Tuesday, October 26, 2021

Inside how Choppies got away with breaking food safety laws ÔÇô for years

Leaked documents show that inspectors continued to seize and destroy expired, damaged, wrongly labelled, rotten, weevil-infested and mould-attacked food items from Choppies and its sister company, ILO Industries, after the massive 2009 raid on the superstore.

They also show that Botswana’s National Food Laboratory found evidence of bacterial contamination in tests on ILO Industries food samples on at least three occasions in 2011 and 2012.

There is no evidence that other than the destruction of the food items, any action was taken against the company.

The trade ministry’s permanent secretary, Peggy Serame, told amaBhungane that after the 2009 crackdown her ministry warned Choppies to comply with consumer laws.

 “In future we will take action against any business enterprise party that contravenes the law,” Serame said.

Under the Food Control Act, anyone found in possession of food liable to seizure faces a fine of not less than P1 000 and a maximum six-month prison term. In theory this would apply to each condemned or contaminated item.

The court may also cancel or suspend any licence relevant to the offence.

The Public Health Act states that “no person shall sell … or bring into Botswana or … have in his possession without reasonable excuse any food for human consumption in a diseased or unwholesome state which is unfit for human consumption”. 

Asked what action it had taken under the Act, the health ministry responded that “the press pursuing issues of 2012 do not improve food safety”.

Choppies said it has put measures in place to address the problems.

The documents show that between January 2010 and September 2011, the Lobatse council issued seven condemnation certificates under the Public Health Act or Food Control Act to Choppies warehouse, Choppies Cash ‘n Carry and ILO industries. They included:

ÔÇó a January 11 2010 certificate listing 29 expired, damaged or dented items;

ÔÇó on January 6 2010 770kg of rice, 300kg of maize rice and 250kg of peanuts were listed as rotten, and 400kg of samp, 250kg of popcorn and 100kg of black-eyed peas as weevil-infested;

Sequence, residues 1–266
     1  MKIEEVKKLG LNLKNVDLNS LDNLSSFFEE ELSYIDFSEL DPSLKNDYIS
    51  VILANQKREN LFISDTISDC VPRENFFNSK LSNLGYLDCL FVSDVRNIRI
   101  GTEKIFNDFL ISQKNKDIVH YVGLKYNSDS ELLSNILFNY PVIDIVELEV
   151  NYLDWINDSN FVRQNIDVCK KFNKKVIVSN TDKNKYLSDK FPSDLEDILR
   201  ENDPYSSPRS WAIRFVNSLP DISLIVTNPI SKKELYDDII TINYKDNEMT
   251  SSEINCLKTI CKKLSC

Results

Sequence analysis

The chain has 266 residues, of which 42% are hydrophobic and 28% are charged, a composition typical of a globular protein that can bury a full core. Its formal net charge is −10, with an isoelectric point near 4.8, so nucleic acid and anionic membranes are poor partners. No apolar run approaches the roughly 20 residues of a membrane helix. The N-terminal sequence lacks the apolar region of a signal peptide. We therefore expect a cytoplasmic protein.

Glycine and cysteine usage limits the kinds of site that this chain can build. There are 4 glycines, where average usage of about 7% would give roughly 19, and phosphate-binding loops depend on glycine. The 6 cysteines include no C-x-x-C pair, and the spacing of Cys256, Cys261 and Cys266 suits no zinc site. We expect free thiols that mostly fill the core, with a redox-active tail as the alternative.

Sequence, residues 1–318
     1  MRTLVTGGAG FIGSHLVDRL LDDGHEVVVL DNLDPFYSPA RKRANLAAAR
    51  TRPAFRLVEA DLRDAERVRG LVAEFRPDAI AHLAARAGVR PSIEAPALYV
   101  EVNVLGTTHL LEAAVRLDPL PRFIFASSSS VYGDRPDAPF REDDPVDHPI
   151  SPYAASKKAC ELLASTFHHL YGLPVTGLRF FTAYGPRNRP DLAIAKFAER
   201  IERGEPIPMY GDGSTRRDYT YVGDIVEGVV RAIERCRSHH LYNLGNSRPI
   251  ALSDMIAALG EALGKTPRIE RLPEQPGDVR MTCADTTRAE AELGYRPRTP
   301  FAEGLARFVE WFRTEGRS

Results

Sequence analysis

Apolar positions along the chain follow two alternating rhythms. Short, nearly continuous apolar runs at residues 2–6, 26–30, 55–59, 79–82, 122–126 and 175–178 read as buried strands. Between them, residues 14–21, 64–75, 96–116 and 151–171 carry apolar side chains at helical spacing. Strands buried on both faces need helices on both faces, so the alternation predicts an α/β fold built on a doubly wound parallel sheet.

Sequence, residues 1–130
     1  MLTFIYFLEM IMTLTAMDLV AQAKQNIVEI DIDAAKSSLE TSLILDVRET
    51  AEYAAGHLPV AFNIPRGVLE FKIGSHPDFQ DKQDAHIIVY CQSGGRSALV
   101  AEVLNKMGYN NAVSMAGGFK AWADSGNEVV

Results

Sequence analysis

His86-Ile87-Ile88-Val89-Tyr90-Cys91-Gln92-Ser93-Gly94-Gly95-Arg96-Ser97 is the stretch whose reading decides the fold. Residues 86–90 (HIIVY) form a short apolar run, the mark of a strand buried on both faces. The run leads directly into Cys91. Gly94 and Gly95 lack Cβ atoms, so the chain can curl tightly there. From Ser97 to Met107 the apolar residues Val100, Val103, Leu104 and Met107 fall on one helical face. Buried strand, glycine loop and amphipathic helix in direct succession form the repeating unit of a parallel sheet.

ÔÇó on February 22 2010 18 separate items were listed as weevil-attacked, including 845kg of popcorn, 643kg of cow peas and 271kg of black-eyed peas;

ÔÇó On 27 July 2010 more than a tonne of Choppies rice was listed as mould-attacked and 200kg of waste bean as weevil-infested, among 29 condemned items;

ÔÇóOn August 12 2011, 20 items including sweets, cold drinks and packs of meat were listed as expired, damaged or “petrified”.

ÔÇó On September 1 2011 more than a tonne of chicken spice, 775kg of chip spice and 750kg of braai spice were among those condemned as lacking an identification label, manufacturer’s name, place of origin or list of ingredients.

The leaked documents also show that in 2011 and 2012, the health ministry’s National Food Laboratory tested a range of spices packed by ILO Industries and found them wanting:

ÔÇó a report of August 17 noted the bacterium E.coli in samples of BBQ spice, chicken spice and steak and chip spice, and the bacterium Colistridium perfringens in BBQ spice. Both can cause food poisoning.

ÔÇó A report of March 19 2012 noted E. coli in braai spice and Cl. Perfringens in the braai spice, crushed chillies, chicken spice, steak and chop spice and paprika.

“Proper quality control measures must be put in pace at production … as these organisms must not be detected in the spice,” the laboratory notes.

ÔÇó  A report of May 2 2012 noted E. coli in the crushed chilli sample, which also showed a high mould count.


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